We won’t put too much emphasis on PBO results, but we will spend some time to quickly analyse them using our full fan speed data.
With 90C the maximum target temperature for PBO, we are looking for the cooler that achieves the balance between lower temperature operation and higher PBO clock speeds. Higher clocks with lower temperatures are better. But one cooler may run at slightly higher temperatures than another, albeit with higher clock speeds, so look out for that.
In essence, this test is showing us how far the coolers can be pushed while keeping a sensible 90C maximum. Or whether there is more room for pushing clocks and power delivery beyond the PBO limits while still sticking to a 90C target.
The 360mm AIOs, yet again, steal the show here. This is thanks to their abilities to move the concentrated heat load away from the Ryzen CPU whilst also dissipating the energy across a large surface area with high-speed fans.
Cougar’s 240mm cooler does particularly well by beating out the package power tolerated and CPU clocks achieved versus the Silverstone 240mm. And the IceGiant ProSiphon Elite joins the DeepCool AS500 Plus at the front of the air-cooling pack with full speed fans. But IceGiant’s bigger unit is better thanks to its 400MHz higher operating clock. The ProSiphon Elite is realistically batting on 240mm AIO levels.
Noctua’s NH-D15 bounces back-and-forth on the 90C limit with a clock speed of around 4330MHz. While the Cooler Master and Arctic dual tower models are glued to the 90C limit and reduce the CPU package power and operating clock accordingly.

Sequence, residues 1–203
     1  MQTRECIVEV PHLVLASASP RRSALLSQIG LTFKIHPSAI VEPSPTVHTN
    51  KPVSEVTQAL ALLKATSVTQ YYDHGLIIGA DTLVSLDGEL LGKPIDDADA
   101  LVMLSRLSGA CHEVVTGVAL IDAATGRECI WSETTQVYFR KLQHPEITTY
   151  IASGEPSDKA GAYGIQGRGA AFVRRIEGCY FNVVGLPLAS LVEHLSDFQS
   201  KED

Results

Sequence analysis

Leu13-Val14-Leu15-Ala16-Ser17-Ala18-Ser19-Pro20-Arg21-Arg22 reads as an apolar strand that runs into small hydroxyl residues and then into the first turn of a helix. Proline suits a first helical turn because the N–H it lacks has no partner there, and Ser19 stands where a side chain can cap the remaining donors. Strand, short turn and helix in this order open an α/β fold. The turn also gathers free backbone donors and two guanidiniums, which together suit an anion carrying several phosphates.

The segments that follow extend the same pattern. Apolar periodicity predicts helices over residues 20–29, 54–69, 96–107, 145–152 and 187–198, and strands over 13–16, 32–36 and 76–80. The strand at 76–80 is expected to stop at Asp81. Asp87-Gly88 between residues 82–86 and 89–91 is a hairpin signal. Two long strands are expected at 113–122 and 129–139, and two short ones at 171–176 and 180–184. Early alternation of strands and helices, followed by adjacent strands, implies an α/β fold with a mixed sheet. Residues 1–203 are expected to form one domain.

While the big AIOs still manage to win in this test, we do see gaps that are much narrower between AIO and air cooler performance. This implies that the more sensible heat load applied by the PBO mode does not stress the air coolers as hard as our manual overclock does.
It also emphasises that a better cooler can indeed deliver lower temperatures plus higher clock speeds, as shown by the 360mm AIOs. Even though the bumps in operating clocks are relatively small but certainly not to be dismissed.
We can quickly brush over the stock test results as the roughly 129W package power from our 5950X is not high enough to stress any of these coolers properly. Plus, the PB2 algorithm means that the temperature levels are all very similar as the clock speeds change dynamically.
Even with the PB2 shackles and low power output from the chip, we see all coolers at 100% fan speed hovering around 54-56C with clock speeds between 3870 and 3910MHz. Yes, these results do highlight that the big 360mm Phanteks AIO handles things better than the lower fan speed air coolers, for example. But the differences are pretty much insignificant – all coolers deliver satisfactory performance here.